The new investment capital will be used for back-end technology, marketing, and to expand the service. Currently, Heal on-demand service is available in select locations throughout California, in Los Angeles, San Francisco, Orange County, Silicon Valley, and San Diego. The company says more than 10,000 patients have signed up for the service by downloading the app.
Related: The chatbot will see you now: AI may play doctor in the future of health care
Major medical network insurance companies that accept claims from Heal service include Blue Shield of California, Anthem Blue Cross of California, Cigna Healthcare, Aetna, and United Healthcare. Patients with coverage pay the same as they would for an office visit copay. Patients who do not have insurance coverage pay a flat $99 fee for the house call.
Heal was founded when Dr. Renee Dua’s son was sick and waited for hours in an emergency room. He was eventually unable to see a doctor because “it wasn’t that serious” and told to go home.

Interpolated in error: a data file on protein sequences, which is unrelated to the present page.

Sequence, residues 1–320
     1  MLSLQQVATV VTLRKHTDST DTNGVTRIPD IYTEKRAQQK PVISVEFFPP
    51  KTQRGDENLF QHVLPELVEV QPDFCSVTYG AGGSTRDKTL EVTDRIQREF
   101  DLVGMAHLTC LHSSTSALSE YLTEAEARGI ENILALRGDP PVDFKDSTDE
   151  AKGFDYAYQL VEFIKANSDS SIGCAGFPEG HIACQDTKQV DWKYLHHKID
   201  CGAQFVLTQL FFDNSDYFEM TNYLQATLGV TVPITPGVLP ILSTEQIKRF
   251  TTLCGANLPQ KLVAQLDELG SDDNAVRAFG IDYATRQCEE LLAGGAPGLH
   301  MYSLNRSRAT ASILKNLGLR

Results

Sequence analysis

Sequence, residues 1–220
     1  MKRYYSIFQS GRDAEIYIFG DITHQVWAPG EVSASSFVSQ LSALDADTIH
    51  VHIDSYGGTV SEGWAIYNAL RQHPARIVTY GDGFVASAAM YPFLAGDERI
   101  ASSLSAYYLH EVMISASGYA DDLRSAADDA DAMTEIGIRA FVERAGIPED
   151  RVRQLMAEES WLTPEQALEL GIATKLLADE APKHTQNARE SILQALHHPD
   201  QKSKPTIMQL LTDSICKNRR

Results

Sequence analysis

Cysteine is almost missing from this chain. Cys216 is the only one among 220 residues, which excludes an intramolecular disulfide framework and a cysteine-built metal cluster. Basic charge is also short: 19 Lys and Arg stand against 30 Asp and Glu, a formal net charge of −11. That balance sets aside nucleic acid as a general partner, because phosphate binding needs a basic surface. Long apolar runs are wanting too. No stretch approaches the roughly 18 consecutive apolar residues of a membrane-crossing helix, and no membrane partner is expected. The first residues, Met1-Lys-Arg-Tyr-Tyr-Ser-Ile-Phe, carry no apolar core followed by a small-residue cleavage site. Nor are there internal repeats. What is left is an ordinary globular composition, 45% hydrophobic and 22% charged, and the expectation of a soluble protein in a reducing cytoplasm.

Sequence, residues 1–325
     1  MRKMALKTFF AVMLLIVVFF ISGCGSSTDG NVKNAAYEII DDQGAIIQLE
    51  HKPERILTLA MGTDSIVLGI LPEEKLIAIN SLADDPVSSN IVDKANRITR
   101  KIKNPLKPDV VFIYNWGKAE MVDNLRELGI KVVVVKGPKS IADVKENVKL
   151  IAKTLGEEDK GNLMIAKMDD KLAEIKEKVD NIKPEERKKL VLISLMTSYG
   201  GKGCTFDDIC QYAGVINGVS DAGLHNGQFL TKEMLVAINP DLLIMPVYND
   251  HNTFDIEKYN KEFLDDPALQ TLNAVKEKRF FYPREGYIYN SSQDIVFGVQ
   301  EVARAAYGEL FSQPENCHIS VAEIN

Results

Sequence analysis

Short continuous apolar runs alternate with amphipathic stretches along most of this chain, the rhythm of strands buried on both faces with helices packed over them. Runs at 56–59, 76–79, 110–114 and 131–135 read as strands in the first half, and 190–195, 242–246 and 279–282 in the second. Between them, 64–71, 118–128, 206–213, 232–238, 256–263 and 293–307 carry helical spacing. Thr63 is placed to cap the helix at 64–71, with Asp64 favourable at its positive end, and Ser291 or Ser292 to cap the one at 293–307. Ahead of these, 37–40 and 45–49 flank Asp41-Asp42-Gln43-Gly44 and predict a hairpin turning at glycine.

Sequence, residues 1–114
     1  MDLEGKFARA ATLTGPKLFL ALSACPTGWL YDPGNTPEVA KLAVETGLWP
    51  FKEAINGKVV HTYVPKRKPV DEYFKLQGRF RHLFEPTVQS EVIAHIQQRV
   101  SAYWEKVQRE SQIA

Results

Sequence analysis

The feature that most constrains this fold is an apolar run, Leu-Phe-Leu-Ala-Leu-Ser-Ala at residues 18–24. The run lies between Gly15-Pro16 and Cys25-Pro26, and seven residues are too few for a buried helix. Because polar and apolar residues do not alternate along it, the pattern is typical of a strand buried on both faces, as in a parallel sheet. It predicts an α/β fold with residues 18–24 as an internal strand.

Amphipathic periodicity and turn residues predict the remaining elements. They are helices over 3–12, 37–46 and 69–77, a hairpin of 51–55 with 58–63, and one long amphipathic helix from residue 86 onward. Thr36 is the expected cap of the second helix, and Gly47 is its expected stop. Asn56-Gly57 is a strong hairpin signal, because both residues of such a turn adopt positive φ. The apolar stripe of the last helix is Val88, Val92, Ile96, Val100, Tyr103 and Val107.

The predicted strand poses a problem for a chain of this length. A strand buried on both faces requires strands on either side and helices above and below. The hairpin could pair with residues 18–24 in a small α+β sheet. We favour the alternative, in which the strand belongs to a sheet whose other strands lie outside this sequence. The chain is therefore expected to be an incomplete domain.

A company spokesperson told Venture Beat, “Sixty percent of Americans want a doctor who will make house calls. The health care system is broken — and no one is happy. Patients aren’t getting needed access to quality primary care, doctors aren’t practicing the quality medical care they’ve been trained to, hospitals aren’t living by measures consistent with what’s best for the patient, and $40 billion is spent annually on the overuse of U.S. emergency rooms.”
Heal doctors are available for house calls 8 a.m. to 8 p.m., seven days a week, with no weekend premium charges.
- How artists and activists are using deepfakes as a force for good
- The 15 best tech jobs boast top salaries, high satisfaction, lots of openings
- What is 5G? The next-generation network explained
- Armed with a camera and a grapefruit, she channels racial injustice into art
- Keyboard warriors: How the internet can be a lifeline for disabled activists